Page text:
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|Hale Aspacio Woodruff|
Hale Woodruff in studio
|Born||August 26, 1900
|Died||September 6, 1980(aged 80)|
|Education||Herron School of Art, Chicago Institute of Art|
|Notable work||Amistad Mutiny murals (1938-1942)|
|Spouse(s)||Theresa Ada Baker|
Hale Aspacio Woodruff (August 26, 1900 - September 6, 1980) was an African-American artist known for his murals, paintings, and prints. He sought to express his sense of heritage in abstract painting. His most highly esteemed work, the three-panel Amistad Mutiny murals (1938-1942), is held at Talladega College, about 50 miles east of Birmingham, Alabama.
Early life, family and education
Born in Cairo, Illinois in 1900, Hale Aspacio Woodruff grew up in Nashville, Tennessee, where he attended local segregated schools. He studied at the Herron School of Art and Design in Indianapolis and at the Chicago Institute of Art.
Woodruff won an award from the Harmon Foundation in 1926, which enabled him to spend four "crucial years studying in Paris from 1927-31." He enrolled at the Academie Scandinave and the Academie Moderne. He learned in the city's museums as well, while getting to know other expatriates including Henry Ossawa Tanner, the leading African-American artist. He met leading figures of the French avant-garde and began collecting African art, which was a source of inspiration for many other modernists, including Pablo Picasso. He returned to the U.S. and married Theresa Ada Baker in 1931. They had one son, Roy.
Returning to the U.S. in 1931, Woodruff established an art school at Atlanta University. This meant teaching classes at the university's Laboratory High School as well as for students at Morehouse and Spelman, a school for women. Then Woodruff went to Mexico in 1936 to study as an apprentice under the famed muralist Diego Rivera, learning his fresco technique and becoming interested in portrayal of figures. He returned to Atlanta and continued teaching. He began traveling to Talladega College in Alabama to teach and work on a commission for a series of murals .
Woodruff's best-known work is the three-panel Amistad Mutiny murals (1938) that he did for the Savery Library at Talladega College. The murals are entitled: The Revolt, The Court Scene, and Back to Africa, portraying events related to the 18th-century slave revolt on the Amistad. They depict events on the ship, the U.S. Supreme Court trial, and the Mende people's repatriation to Africa. (The murals were recently restored in a collaboration between the High Museum in Atlanta and the college. They are now on a national tour, and will be in Kansas City in the summer of 2015.)
The library has an image of the ship that is embedded in its lobby floor. College tradition prohibits walking "on" the ship, despite its central location. In addition, the library has another series of three Woodruff murals exploring events from the historically black college's college's role in African-American history, including freedmen enrolling after the American Civil War and the construction of campus buildings.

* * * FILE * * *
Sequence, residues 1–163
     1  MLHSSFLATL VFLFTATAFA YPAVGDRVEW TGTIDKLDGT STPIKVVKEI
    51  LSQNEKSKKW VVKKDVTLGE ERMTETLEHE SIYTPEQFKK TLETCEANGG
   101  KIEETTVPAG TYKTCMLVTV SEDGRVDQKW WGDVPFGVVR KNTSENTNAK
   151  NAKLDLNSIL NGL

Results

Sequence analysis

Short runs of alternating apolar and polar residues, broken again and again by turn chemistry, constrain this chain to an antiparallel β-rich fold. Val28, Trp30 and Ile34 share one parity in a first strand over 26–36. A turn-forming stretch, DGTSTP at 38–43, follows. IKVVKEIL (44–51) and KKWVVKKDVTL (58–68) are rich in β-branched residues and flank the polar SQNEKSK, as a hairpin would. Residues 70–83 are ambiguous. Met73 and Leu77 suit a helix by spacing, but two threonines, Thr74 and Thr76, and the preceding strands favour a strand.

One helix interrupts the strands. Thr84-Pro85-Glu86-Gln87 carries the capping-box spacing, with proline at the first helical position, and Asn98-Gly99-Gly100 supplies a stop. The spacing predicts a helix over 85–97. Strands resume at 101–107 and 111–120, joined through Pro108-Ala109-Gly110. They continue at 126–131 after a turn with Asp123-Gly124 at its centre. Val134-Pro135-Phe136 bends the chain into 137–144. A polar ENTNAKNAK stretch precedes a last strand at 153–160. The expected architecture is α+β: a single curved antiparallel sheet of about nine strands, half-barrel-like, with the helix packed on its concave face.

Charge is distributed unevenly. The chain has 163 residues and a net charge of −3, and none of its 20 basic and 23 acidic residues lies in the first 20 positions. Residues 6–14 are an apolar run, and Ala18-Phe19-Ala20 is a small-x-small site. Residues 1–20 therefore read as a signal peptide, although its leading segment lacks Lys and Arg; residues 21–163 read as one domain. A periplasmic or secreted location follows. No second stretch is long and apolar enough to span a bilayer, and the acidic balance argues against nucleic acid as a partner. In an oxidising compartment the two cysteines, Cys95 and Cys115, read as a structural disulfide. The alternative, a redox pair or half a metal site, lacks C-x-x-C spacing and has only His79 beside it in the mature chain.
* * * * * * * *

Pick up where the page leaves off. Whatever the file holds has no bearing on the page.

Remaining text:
His two other surviving murals are "The Negro in California History" for the Golden State Mutual Life Insurance Company in Los Angeles, done in 1949 as a collaboration with Charles Alston, and six panels completed around 1951 called "Art of the Negro" at the Clark Atlanta University Art Galleries.
In 1942, even with World War II raging, Woodruff was able to initiate the Atlanta University Art Annuals that lasted until 1970, making 29 national art exhibitions for black artists.
Then in 1946, Woodruff joined the faculty at New York University, where he taught for more than 20 years before retiring in 1968.
- African-American Artists, 1929-1945: Prints, Drawings, and Paintings in The Metropolitan Museum of Art
- Roberta Smith, "In Electric Moments, History Transfigured - Hale Woodruff’s Talladega Murals, in ‘Rising Up,’ at N.Y.U.", New York Times, 13 August 2013
- "Five Decades of Greatness in Art, Hale Woodruff". African American Registry. Retrieved 2016-01-16.
- Dunkley, Tina. "Hale Woodruff (1900-1980)." New Georgia Encyclopedia. 06 December 2013. Web. 28 May 2015.
- David C Driskell; Leonard Simon; Los Angeles County Museum of Art, Two centuries of Black American Art, (Los Angeles County Museum of Art; New York: Knopf : distributed by Random House, 1976) ISBN 0-87587-070-8, ISBN 978-0-87587-070-0
- Hale Woodruff 50 Years of His Art, (New York : The Studio Museum in Harlem, 1979) OCLC: 17813325
- Samella Lewis, African American Art and Artists, (Berkeley: University of California Press, 1990) ISBN 0-520-08788-7, ISBN 978-0-520-08788-0, ISBN 978-0-520-08532-9
- Kenkeleba Gallery (New York, N.Y.), The Search for Freedom: African American Abstract Painting 1945-1975, (New York:Kenkeleba House, ©1991) OCLC: 30743648
- Marika Herskovic, American Abstract Expressionism of the 1950s: An Illustrated Survey, (New York School Press, 2003.) ISBN 0-9677994-1-4. pp. 358–361
- Crystal Britton, African American Art: The Long Struggle, (New Line Books, 1998)
- Samella Lewis, African American Art and Artists, (University of California Press, 1994)
- Sharon Patton, African-American Art, (Oxford University Press, 1998)
- Romare Bearden, A History of African-American Artists: From 1792 to the Present, (Pantheon, 1993)
- "Amistad Murals", Talladega College